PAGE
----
Preview 2013 - Coaches Needing Big Years
Iowa head coach Kirk Ferentz
Iowa head coach Kirk Ferentz
Posted Aug 25, 2013

Preview 2013 - Coaches Needing Big Years. The coaches who need to come through really, really big in 2013.

Preview 2013

Coaches Needing Big Years

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By Richard Cirminiello  
Capturing a tailwind in August is not the sole domain of the athletes at this time of year. In fact, a swath of head coaches who've endured recent adversity or missed opportunities are just as eager to put last season behind them, while gathering up a much-needed head of steam for the 2013 campaign. Now, that's certainly not to suggest that all are facing must-win situations. Frank Beamer and Bo Pelini, for example, are safe at Virginia Tech and Nebraska, respectively, even if they don't win 10 games in the fall. However, that doesn't quell the necessity to exceed last season's missing-the-mark results on the field.

For coaches and players alike, flushing out the old and ushering in a new mindset began in the spring ... and is continuing with a greater sense of urgency now that live action is just a few weeks away. For the following 15 head men, raising the bar higher in 2013 has become a top priority that will surely affect their future job security.

15. Al Golden, Miami
As much as any head coach at the FBS level, Golden sure could use a silver lining or two before the start of his third season in Miami.

Without any warning, Golden walked into a mess with the Hurricanes, the result of alleged NCAA wrongdoings long before the coach ever left Temple. An investigation has hung above the program ever since, negatively impacting recruiting, while forcing the ‘Canes to self-impose bowl bans in consecutive years. Is the worst now behind Golden? No one knows with any certainty, which is at the crux of the seemingly never-ending problem. The coach and his staff need to be able to put the sins of their predecessors behind them as soon as possible, so they can go about the business of rebuilding a program's confidence. The 2013 squad could be Golden's best yet, but who knows what it'll mean to the team's postseason.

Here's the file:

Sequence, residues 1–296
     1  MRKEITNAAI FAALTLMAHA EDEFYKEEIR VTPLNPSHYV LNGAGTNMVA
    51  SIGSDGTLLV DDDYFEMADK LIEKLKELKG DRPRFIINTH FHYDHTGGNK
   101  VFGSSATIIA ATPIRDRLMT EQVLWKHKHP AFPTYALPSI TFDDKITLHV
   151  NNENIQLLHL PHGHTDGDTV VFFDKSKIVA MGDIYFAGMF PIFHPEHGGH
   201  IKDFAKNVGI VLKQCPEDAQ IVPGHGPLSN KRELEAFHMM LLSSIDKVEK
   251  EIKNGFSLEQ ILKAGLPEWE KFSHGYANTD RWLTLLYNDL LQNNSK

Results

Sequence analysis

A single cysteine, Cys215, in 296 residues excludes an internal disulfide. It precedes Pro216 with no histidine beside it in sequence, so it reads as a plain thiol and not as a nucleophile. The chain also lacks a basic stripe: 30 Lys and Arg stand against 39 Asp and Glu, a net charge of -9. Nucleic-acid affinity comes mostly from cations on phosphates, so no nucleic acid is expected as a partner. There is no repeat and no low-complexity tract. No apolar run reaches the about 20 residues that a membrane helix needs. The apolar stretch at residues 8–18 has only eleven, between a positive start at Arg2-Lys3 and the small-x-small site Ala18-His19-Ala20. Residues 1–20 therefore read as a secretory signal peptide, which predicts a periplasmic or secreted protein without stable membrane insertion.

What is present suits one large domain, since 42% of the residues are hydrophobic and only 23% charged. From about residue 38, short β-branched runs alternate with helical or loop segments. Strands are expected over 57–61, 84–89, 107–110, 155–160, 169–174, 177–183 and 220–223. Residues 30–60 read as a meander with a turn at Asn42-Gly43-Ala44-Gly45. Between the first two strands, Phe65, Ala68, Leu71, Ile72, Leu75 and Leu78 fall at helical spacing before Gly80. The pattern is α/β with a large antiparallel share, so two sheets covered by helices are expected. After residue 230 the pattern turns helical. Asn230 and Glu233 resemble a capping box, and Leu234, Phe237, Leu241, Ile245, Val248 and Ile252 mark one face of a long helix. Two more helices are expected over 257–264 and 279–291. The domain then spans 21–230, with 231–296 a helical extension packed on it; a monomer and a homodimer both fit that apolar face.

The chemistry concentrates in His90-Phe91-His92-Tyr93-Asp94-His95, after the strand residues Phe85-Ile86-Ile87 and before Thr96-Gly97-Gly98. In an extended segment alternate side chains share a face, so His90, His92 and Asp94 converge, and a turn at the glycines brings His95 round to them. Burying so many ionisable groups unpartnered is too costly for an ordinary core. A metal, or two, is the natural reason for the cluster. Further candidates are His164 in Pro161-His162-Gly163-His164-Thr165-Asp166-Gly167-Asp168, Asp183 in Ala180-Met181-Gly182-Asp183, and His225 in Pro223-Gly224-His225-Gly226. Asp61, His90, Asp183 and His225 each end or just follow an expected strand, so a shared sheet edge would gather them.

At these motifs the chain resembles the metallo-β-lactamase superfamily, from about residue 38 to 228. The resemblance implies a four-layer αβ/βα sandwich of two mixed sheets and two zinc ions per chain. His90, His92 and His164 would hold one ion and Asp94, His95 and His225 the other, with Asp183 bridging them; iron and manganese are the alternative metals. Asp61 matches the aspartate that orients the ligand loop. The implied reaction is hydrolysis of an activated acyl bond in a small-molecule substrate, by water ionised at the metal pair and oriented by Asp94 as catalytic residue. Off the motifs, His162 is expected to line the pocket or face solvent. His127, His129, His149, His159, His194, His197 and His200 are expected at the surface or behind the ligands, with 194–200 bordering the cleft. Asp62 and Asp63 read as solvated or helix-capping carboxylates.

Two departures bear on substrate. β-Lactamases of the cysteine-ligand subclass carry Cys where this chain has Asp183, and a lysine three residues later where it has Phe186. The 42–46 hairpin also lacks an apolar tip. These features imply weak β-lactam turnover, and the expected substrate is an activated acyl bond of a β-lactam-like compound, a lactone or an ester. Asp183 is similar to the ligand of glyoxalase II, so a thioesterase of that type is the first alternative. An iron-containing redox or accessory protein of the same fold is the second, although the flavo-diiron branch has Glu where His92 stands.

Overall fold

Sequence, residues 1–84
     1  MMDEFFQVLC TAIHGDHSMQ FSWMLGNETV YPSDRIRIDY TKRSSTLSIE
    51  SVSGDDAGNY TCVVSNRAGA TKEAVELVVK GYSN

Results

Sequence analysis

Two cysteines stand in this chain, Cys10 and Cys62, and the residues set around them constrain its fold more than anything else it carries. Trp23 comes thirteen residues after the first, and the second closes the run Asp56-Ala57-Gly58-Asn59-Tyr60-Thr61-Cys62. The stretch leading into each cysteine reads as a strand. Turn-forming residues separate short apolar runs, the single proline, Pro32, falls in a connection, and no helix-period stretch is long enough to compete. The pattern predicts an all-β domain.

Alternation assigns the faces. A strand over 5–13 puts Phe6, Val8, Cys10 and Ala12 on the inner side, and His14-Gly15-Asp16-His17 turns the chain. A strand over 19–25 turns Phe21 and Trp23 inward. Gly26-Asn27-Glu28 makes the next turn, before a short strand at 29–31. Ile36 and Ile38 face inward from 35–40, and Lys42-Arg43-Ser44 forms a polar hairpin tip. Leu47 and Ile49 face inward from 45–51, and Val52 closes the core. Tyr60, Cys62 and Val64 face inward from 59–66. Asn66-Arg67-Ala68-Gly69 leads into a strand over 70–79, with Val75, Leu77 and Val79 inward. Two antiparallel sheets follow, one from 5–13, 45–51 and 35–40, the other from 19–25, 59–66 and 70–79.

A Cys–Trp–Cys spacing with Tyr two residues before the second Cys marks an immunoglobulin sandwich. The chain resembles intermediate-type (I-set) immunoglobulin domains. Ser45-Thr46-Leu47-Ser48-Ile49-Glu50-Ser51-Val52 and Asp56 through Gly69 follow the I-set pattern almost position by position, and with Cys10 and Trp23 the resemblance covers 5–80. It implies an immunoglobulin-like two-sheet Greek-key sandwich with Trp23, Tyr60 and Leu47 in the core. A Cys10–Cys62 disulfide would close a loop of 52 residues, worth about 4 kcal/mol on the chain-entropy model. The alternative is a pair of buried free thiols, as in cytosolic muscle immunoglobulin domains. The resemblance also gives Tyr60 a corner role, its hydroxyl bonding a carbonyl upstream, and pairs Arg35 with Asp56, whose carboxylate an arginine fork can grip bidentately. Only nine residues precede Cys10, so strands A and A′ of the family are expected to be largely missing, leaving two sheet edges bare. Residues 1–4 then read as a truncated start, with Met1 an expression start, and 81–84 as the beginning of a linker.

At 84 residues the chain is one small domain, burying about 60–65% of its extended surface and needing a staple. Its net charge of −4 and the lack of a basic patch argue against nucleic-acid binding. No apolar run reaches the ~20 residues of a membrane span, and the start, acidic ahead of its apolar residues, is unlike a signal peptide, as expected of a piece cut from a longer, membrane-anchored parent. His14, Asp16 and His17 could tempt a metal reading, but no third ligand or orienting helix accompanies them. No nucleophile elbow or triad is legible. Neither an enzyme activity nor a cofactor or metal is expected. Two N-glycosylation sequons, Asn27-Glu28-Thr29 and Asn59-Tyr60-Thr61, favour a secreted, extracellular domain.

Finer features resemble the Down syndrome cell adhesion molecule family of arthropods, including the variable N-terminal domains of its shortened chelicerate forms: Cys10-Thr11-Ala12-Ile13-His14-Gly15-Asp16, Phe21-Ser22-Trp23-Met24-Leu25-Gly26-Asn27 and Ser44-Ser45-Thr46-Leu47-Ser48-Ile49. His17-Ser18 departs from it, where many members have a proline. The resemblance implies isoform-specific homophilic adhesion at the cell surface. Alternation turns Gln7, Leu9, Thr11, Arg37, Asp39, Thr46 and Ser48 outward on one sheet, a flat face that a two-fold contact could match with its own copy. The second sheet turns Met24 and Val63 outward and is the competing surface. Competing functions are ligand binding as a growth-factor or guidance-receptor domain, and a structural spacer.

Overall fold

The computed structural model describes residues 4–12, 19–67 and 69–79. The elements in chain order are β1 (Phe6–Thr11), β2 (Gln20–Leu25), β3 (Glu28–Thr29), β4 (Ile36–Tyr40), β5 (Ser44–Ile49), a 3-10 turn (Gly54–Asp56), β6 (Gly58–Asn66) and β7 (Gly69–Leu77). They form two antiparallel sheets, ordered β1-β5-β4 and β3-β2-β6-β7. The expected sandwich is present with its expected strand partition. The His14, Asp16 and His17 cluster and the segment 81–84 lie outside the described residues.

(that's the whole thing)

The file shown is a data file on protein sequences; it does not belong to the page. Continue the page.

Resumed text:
14. Tony Levine, Houston
Change is in the air in Houston. Levine plans to do all he can to not become a part of the overhaul.

It's an exciting time to be a Cougar, with a new stadium and a new league, the American, set to become a part of the future. However, as ground is broken on a state-of-the-art home, the team will be undergoing renovations of its own. Houston was a major disappointment in Levine's first year as a head coach, following up a momentous 13-1 campaign by completely missing the postseason last fall. The administration really likes its young head coach, but with expectations about to start rising like scaffolding, Levine is eager to prove he's the guy who's capable of ushering Houston into a new era of football.

13. Frank Beamer, Virginia Tech
Beamer won't be leaving Blacksburg until he decides it's time to go. But, after losing six games for the first time in two decades, the coach is determined to make 2012 look like an aberration as quickly as possible.